Biometric voter enrollment engenders rewards and risks

April 11, 2014 - 

Ensuring quick and precise voter enrollment and identification is the cornerstone of any credible election. Biometric systems are increasingly being deployed in the developing world with the aim to ensure a fair and efficient electoral process.

In rich countries, almost everyone has a reliable form of official identification, and biometric technology has traditionally been employed mainly for security and forensics. However, many developing countries suffer from an identity gap where millions of people lack official forms of identification, including birth certificates, national ID cards, and voter cards, which would allow them to access basic services and rights, such as voting.

Closing this “identification gap” has been increasingly recognized as a major goal of economic and social development in developing countries. Just as mobile phones have allowed poorer countries to leapfrog past landline phone connections, biometrics have the potential to help solve identification woes while bypassing the paper-based systems often found in the so-called developed world.

Such biometric systems can include solutions for voter registration, voting, tallying and identification. Common modalities include fingerprint, palm vein, iris and facial recognition. In theory, by using biometric identifiers, the potential of election fraud is minimized, while the voter identification process is accelerated.

In the vast majority of countries where biometrics have been used in voter registration, the motivation for using biometrics has been to “de-duplicate” an election register. Biometric identification helps prevents multiple registrations and also prevents the registration of disqualified voters. For these reasons, the use of biometrics for voter registration has been a popular option exercised by governments throughout Latin America and increasingly in Africa, as indicated in many BiometricUpdate.com articles.

Electors often register multiple times for multiple reasons. The most nefarious reason is for the purpose of voting several times in the hope of influencing an election result or destabilizing the election process. A more common reason is that many election registration processes have not been designed to easily allow for a change of address, causing many electors to re-register without having their existing record concurrently deleted. A registration system tied to biometric authentication could eliminate this problem, as only a singular registration could be associated with a biometric characteristic.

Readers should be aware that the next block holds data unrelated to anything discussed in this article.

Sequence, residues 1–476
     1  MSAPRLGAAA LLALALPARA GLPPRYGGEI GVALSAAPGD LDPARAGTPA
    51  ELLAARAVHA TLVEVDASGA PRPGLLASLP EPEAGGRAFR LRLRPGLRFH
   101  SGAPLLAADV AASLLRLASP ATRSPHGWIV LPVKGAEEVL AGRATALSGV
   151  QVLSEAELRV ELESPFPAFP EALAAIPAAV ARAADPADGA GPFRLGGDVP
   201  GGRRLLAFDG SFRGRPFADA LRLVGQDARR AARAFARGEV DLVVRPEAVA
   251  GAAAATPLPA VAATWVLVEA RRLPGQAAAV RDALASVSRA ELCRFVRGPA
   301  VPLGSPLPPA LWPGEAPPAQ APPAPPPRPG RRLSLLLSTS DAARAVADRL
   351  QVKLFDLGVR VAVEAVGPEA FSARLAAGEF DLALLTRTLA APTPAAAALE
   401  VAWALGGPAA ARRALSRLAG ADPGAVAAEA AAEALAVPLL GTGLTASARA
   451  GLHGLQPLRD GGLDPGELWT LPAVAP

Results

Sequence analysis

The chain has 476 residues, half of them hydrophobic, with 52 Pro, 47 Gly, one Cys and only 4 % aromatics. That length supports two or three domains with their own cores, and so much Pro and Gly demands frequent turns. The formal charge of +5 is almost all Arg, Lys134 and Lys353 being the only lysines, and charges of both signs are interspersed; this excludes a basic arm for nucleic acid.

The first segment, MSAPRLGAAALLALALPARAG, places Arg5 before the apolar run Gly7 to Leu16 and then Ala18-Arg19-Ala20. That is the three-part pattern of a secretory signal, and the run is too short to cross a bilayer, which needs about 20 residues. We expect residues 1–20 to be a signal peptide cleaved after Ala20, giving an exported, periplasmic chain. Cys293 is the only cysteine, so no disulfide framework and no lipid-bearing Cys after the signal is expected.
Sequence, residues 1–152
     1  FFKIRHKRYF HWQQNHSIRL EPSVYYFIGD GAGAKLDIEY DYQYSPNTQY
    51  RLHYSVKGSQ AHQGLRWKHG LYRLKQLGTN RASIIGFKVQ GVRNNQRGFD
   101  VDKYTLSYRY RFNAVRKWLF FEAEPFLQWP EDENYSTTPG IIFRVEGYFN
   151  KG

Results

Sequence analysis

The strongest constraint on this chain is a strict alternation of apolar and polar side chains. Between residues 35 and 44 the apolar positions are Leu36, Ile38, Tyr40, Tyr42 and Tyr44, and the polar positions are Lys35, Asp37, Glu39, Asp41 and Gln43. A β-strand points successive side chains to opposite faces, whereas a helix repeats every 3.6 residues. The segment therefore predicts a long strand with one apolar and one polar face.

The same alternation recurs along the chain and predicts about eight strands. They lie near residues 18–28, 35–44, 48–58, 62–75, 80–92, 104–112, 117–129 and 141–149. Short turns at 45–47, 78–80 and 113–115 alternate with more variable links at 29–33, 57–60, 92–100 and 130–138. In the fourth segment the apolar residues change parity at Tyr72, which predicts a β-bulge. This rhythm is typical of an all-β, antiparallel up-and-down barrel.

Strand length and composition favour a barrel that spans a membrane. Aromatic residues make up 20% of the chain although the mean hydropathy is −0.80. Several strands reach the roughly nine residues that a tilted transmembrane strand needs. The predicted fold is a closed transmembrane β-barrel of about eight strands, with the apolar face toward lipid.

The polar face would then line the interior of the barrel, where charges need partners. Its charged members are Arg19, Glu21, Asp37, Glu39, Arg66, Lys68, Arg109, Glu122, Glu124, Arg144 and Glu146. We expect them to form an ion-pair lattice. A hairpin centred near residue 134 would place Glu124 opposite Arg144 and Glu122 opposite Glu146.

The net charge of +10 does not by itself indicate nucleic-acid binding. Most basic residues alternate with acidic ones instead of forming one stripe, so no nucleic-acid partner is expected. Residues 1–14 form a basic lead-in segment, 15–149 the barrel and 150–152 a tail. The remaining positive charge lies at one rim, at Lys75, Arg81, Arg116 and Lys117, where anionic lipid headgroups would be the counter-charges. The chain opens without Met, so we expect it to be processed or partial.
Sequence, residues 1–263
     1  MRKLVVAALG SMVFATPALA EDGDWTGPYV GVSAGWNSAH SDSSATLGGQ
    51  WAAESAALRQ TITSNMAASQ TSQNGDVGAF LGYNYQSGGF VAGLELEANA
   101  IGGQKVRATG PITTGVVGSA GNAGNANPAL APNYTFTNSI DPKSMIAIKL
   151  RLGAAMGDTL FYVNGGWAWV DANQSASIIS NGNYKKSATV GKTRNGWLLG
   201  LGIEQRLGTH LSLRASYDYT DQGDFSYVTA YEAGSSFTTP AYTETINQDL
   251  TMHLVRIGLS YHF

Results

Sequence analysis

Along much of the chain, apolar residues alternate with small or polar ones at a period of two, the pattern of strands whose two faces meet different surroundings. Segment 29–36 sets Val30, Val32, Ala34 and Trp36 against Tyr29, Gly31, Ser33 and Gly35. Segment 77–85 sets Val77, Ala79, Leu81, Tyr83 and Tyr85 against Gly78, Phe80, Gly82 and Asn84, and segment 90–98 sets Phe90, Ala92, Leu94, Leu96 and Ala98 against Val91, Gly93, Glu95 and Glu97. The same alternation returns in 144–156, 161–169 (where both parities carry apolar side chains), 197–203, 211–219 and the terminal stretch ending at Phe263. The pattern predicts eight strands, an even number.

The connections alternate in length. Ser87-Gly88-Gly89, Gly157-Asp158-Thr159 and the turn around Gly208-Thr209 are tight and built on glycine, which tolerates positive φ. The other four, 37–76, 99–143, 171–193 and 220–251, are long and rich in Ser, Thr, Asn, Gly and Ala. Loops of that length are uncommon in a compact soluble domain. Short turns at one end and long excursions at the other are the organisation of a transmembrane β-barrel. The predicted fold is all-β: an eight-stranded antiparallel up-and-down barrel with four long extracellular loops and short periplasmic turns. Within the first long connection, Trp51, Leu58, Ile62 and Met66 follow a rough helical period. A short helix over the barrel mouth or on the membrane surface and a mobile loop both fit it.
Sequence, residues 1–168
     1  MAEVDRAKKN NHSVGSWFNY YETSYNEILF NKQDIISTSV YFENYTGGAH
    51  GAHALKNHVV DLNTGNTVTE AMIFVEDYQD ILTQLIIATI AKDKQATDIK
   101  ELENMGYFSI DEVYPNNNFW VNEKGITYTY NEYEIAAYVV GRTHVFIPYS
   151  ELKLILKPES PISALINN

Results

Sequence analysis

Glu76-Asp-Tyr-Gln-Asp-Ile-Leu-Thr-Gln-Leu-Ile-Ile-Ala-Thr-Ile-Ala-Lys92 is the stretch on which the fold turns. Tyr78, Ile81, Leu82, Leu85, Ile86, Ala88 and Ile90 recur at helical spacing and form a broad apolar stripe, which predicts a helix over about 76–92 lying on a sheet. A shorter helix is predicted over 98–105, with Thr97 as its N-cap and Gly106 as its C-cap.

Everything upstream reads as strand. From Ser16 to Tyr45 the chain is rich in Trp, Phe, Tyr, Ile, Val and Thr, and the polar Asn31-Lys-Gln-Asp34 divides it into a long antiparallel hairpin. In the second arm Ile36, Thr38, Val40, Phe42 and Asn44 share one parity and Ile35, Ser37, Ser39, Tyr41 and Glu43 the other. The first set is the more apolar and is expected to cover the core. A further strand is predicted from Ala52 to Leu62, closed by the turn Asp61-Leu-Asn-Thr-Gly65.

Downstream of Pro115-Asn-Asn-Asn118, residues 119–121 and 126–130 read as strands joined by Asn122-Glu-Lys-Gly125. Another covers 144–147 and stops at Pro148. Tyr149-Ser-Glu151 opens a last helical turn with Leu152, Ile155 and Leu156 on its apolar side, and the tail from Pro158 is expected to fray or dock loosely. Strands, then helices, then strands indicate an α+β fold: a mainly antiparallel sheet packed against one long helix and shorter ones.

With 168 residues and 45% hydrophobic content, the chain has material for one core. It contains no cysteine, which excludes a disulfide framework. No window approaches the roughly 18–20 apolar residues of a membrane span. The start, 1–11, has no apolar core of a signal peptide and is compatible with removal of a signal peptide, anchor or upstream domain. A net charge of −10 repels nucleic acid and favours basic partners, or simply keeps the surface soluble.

Any well-designed registration process must be able to eliminate instances of multiple enrollment to curb voter fraud. Emerging democracies and countries with chronic electoral problems recognize this. For this reason, a growing number of African countries have opted to use biometric voter registries including Ghana, Kenya, Sierra Leone, Tanzania and Nigeria. In Asia, the Solomon Islands and the Philippines have also deployed such technology. These countries see the benefit of biometric technology as an effective tool for strengthening democracy through establishing legal identities for all individuals, thus facilitating access to fair elections.

Developing countries however need to take caution as the use of these biometric identification technologies can concurrently raise serious human right concerns. Such technologies are often deployed in a legal void since constitutionally-guaranteed privacy rights are often not respected in practice. Further, sophisticated data protection safeguards are often simply not-existent in developing countries due to a lack of resources.

Biometric technology also provides the data and tools that can assist in mass surveillance and the profiling of populations. The poor regulation of biometric data can be used for unintended purposes, which can lead to discrimination. As a consequence, developing countries need to carefully plan the implementation of biometric voter enrollment systems. The most important consideration is ensuring that the electoral process is administered independent of executive and legislative branches, and that the technology is used only for electoral purposes.

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About Rawlson King

Rawlson O’Neil King is a contributing editor at BiometricUpdate.com and is an experienced communications professional, management consultant, trade journalist and author who recently published a book about control and electronic networks and who has written numerous articles in trade publications and academic journals about smart home and building technologies. Follow him @rawlsonking2.